This story originally appeared on VICE Sports Canada.
It's absurd to think now, but it seemed at first like Roberto Osuna was only getting a shot with the Blue Jays because he was Miguel Castro's caddy.
The two 20-year-olds were the stars of spring training for the club, but much of the focus was on Castro, the tall and lanky Dominican with huge hands that he used to throw a biting slider, a changeup as hard as Mark Buehrle's best fastball, and his own heater that would occasionally touch triple digits on the radar gun. Always behind him, though, was Osuna, helping Castro with his English, and joining him in asking to ride the buses to away games they weren't scheduled to pitch in, just to soak up the major league atmosphere, to better understand what it takes to be a big leaguer, and partly, no doubt, to make an impression.
By the end of March the pair were the youngest players left playing games for the Jays by a long shot, with the rest of the prospects their age having been assigned to the club's minor league camp. Though they had been starting pitchers throughout their minor league careers, the Jays had different plans for their 2015 seasons, parting ways with struggling veteran relievers on minor league deals, and sending down former All-Star setup man Steve Delabar to make room for the pair in a patched-together bullpen that looked awfully vulnerable.
With Delabar not having pitched well enough to earn a spot, Brett Cecil struggling to regain velocity after a bout of shoulder tightness to begin the spring, and Aaron Sanchez—who had been a revelation in the bullpen at the end of 2014—assured a place in the rotation after the club was blindsided by Marcus Stroman's season-ending knee injury, the Jays needed to go north with the arms who could best help them close out games, regardless of experience. So they turned to Castro, with Osuna seemingly tagging along.
When Cecil struggled out of the gate, they again turned to Castro, while Osuna accrued valuable service time in the majors as a middle reliever, pitching in losses, and sometimes taking the ball in the fifth or sixth inning early on. It was around that point that their courses began to diverge.
Castro only pitched 12 1/3 innings before he was sent down, struggling badly after being thrust into high-leverage situations—he was the last pitcher the Jays called on in nine of his thirteen appearances. He generated soft contact on just 7.7 percent of balls in play—the third-lowest mark of 460 pitchers with a minimum of 10 innings pitched this season—and his percentage of hard contact against, 41 percent, is among the ten highest in that group.
A 100 mph fastball, if straight, or not located well, doesn't fool big league hitters the way it does in A-ball, which is where both he and Osuna finished the 2014 season, before their remarkable rises this spring. It's where Castro is again pitching now on a rehab assignment after some time off due to a hand injury.
Castro may again be a factor for the Jays this season, general manager Alex Anthopoulos told reporters Wednesday. If he does return, it will be to quite a different bullpen.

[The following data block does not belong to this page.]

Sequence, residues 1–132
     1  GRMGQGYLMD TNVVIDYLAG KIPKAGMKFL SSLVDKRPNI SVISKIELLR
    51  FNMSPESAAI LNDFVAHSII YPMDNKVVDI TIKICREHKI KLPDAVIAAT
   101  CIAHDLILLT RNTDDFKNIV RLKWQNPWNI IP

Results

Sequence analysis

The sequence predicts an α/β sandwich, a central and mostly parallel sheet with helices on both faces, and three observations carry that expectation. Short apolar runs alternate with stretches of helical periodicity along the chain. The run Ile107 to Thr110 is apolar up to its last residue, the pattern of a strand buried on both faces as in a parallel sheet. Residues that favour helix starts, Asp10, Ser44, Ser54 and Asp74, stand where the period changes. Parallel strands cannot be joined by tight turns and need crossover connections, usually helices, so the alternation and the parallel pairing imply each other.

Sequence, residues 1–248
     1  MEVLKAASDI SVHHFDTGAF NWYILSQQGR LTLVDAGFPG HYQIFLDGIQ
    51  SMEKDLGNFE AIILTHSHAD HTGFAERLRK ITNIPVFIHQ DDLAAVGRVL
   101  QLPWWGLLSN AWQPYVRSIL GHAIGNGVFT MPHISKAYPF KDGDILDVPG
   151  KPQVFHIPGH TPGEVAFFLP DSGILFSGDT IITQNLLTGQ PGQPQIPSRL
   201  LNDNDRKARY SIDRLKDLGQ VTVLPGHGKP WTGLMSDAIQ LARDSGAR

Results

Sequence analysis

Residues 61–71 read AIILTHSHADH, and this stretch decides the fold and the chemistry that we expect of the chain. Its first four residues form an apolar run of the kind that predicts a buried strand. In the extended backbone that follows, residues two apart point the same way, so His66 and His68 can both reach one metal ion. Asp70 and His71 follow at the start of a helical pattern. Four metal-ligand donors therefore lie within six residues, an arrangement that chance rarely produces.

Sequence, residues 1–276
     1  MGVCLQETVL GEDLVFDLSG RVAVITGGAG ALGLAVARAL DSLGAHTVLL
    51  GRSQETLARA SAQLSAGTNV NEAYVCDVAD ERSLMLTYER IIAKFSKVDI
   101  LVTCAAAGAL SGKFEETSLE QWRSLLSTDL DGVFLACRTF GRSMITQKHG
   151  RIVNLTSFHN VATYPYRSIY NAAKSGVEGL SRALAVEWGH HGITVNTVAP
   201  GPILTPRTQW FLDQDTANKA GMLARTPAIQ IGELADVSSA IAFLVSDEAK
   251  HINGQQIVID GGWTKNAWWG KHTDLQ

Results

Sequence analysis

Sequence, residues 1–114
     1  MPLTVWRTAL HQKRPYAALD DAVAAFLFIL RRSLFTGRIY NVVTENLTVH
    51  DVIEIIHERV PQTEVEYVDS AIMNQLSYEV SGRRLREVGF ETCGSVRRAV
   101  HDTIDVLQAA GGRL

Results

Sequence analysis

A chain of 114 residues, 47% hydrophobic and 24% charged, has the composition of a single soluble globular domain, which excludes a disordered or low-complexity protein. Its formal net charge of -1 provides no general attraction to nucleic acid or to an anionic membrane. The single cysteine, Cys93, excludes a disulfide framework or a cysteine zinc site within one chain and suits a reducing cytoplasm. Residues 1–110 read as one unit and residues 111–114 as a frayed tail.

That's because his former caddy has quickly established himself as the top reliever on the team, and maybe one of the better ones in baseball, too. Dave Cameron of FanGraphs made Osuna one of his picks for the American League All-Star team, and while it's unlikely that he'll earn that distinction on the actual All-Star team, there's no question that the beginning of his career has so far been sublime. It's only gotten better as the stakes have grown higher, too.
Osuna's numbers are just outside of the elite range among relievers. He's among the top 30 relievers in baseball by strikeout rate, the difference between his strikeout and walk rates (K-BB percentage), ERA, swinging strike rate, and is in the top five by FanGraphs' version of wins above replacement. In June, as he's ascended up the pecking order and into the closer's spot—a job that's all his but in name—his strikeout rate and K-BB percentage both have jumped into the top ten.
Maybe just as important for the Blue Jays, and their long-suffering fans who have seen too many games pissed away by the bullpen already, he's doing it with poise. With confidence. With balls. "He's got guts," Alex Anthopoulos said on the radio in Toronto this week. "We call it something else, but I'm going to stick with guts on this show." It's something that he needed to have before the Jays ever signed him, pitching against men in the Mexican League when he was just 16 years old.
That doesn't mean much if he doesn't have the stats and stuff to back it up, but Osuna does. He doesn't quite light up the radar gun like Castro—his fastball has averaged a "mere" 95-plus mph this season—but it moves enough and he's deceptive enough with it. He's also able to keep hitters off-balance with strong secondary pitches that they have a hell of a time catching up with his heater, and a hell of a time making good contact when they do.
In fact, speaking of that secondary stuff, Osuna has a starter's repertoire, a starter's body, and in all likelihood is going to continue being a starter as his career continues. But it should now be of no small comfort to the Jays that if he ever struggles in that role in the future, they could always ask him to come in and save their bullpen.
It wouldn't be the first time.